Faced with an uncertain future, young people around the world are joining together through activism, education, and innovation to fight the climate crisis.
In November, tens of thousands of young climate activists from around the world showed up in Glasgow to make their voices heard during the COP26 climate change conference. The generation that has grown up living with the effects of climate change spoke directly to the assembled leaders about how inaction is threatening their future.
The youth climate movement has become a major force in the climate discussion with millions marching in protests sparked by Greta Thunberg’s Fridays for Future school walkouts in 2018. She has inspired and encouraged a growing group of youth activist leaders from around the world. For example, Vanessa Nakate, a 24-year-old Ugandan climate activist who is fighting to stop deforestation in the Congo Basin rainforest, has appeared on the cover of TIME magazine and has recently written a book.
Youth activists also see climate education as essential to motivating people to take action. in 2019, an analysis done for NPR education by the National Center for Science Education showed that while 36 states recognize human-caused climate change in their state standards, less than half of the teachers actually teach it. The Climate Change Education Act was reintroduced in Congress in March with the goal to establish grants to help state and local education agencies improve climate literacy, but it has stalled in the Senate. Seeing that government institutions are slow to act, many young activists are taking on the role of educators. They are connecting and educating global audiences online through channels like Twitter, TikTok, Instagram, webinars and podcasts to increase awareness of climate impacts and solutions.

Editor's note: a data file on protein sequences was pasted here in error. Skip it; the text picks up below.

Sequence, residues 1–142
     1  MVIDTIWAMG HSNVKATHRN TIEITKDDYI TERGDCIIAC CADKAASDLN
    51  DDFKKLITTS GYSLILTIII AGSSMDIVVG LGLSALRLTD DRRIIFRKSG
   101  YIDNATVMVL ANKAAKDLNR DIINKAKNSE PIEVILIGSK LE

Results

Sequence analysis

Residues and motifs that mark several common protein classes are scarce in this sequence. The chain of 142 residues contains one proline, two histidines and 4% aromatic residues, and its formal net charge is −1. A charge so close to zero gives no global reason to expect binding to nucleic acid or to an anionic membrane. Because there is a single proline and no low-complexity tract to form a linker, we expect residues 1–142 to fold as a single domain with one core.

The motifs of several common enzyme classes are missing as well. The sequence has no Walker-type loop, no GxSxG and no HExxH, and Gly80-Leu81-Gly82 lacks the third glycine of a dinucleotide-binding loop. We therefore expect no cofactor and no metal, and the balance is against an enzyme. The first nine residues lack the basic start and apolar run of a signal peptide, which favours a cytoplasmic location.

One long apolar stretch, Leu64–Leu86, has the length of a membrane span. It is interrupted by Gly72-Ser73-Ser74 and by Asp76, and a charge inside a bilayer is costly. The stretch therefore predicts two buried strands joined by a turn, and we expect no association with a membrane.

There is also a growing group of young innovators coming up with creative ideas to address the climate crisis. The World Economic Forum recently recognized 14 innovations led by young ecopreneurs that are addressing deforestation, forest degradation and decline in pollinators, and the lack of conservation training and opportunities for young people.
Another young innovator and activist just won Prince William’s Earthshot Prize. The 15-year-old winner Vinisha Umashankar was awarded a £1million prize for her invention of a solar-powered ironing cart, an earth-friendly solution to replace charcoal-powered street irons that press clothes for millions of people and contribute to the toxic air quality across India.
Speaking at the COP26 climate conference, Vinisha used her platform to express frustration with the lack of action, but also provide a ray of hope. “Many of my generation are angry at leaders who’ve made empty promises and failed to deliver… We’ve every reason to be angry. But I’ve no time for anger. I want to act. I’m not just a girl from India. I’m a girl from Earth. I’m very proud to be so. I’m a student, innovator, environmentalist and entrepreneur but most importantly, an optimist.”
Learn more about how to take climate action in your community here.